The gift of strength

No one is ever given the gift of strength, you have to earn it. – Selwynn Syquia

Recently my birthday passed (yes I am claiming title to the quote above unless I later learn it was said by someone else) and over the quarter century I like to think I’ve learned a couple of things. After about a month of sporadic training sessions through late January & early February I’ve slowly been trying to get back to my December 2011 levels of strength. This hasn’t been an easy journey and at times quite discouraging. When I think about how much strength and muscle I have lost, I sometimes think it isn’t fair that I’ve regressed so quickly. But I push those thoughts out of my head as quickly as they arise and have continued on my training journey. It’s been slow and gruelling (as it should be) and I’d like to say I’m probably back to 85% of where I left off.

The night before my birthday happens to be a good friend’s birthday, it was my off day, so no gym and off to dinner and drinks. Indulging in cocktails, beers, fried shrimp and a giant birthday Pizookie with ice cream; I counted this as my birthday dinner as well. This meal was definitely NOT in line with my current health goals, but it was rest day and a birthday dinner, so I let myself indulge (Yes, I know if I was stronger I would have stayed true to my goals… maybe next birthday!)

Yes, this 6 flavour Pizookie was finished

Nevertheless, I didn’t want to let yesterday’s actions overshadow tomorrow’s dreams. So I knew the next day I continue as normal and make a few adjustments to account for last night’s excess. 6am arrives and maybe it was the excitement of my birthday or the tonne of sugar & calories I just consumed a few hours ago, but I woke up early with an urge to go for a run. So I strapped on my new Vibram KomodoSports (my birthday gift to myself) and I went out for a 40 minute run before work.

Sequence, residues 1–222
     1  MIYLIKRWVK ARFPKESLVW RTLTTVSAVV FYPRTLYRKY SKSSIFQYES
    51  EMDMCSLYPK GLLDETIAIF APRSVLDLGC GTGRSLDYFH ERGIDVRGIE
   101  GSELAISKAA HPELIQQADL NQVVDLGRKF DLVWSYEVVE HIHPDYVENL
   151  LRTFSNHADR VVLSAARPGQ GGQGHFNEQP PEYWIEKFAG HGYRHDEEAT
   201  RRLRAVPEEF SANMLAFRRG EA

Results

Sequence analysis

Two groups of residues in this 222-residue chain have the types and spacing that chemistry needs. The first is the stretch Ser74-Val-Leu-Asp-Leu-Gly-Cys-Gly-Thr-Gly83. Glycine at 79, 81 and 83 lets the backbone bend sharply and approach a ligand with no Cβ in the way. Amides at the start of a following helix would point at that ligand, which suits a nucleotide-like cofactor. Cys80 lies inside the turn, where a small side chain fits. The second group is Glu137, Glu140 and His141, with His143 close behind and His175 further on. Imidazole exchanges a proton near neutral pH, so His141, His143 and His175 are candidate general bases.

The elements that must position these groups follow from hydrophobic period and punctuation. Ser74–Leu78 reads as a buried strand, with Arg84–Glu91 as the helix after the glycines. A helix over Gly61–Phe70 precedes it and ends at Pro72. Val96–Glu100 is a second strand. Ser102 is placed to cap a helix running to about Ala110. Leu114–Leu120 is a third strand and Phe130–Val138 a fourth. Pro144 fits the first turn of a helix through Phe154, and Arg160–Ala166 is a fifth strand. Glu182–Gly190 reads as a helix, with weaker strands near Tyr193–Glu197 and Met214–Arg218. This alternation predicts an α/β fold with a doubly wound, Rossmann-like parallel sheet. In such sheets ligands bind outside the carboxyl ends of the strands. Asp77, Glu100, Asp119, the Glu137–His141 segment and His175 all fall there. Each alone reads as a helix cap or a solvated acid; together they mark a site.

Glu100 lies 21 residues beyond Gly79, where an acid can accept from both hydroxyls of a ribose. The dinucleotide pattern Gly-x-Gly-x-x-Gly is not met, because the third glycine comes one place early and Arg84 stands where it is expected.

Yes, I now own a pair of Vibrams... Yes, I get weird looks at the gym...

I also resolved to fast for the day (part of that balancing for the previous night’s excess), minus a couple of pieces of fruit & a protein shake before my afternoon workout (this also included watching my mates eat In N’ Out). After work I then went to the gym for a 2 hour workout. Followed by baked chicken & veg with one beer for my post workout/birthday dinner. Not very exciting? Well it was.

Why didn’t I just follow ‘the norm’ (also how I’ve celebrated my previous birthdays) and continue the celebration, grab (a few too many) drinks, get slightly inebriated drunk and head into work the next day dog tired? Well, it would have meant I woke up feeling like death, eaten horribly that day (deep-fried everything, anyone?), skipped the gym that afternoon and also not have gone to the gym the day after either. One night of extended celebrations, would have probably cost me two days of training, plenty of bad dietary choices and push me further away from my goals. I also know that in a couple of weeks I will be away on vacation again, at which point I can indulge for a couple of days.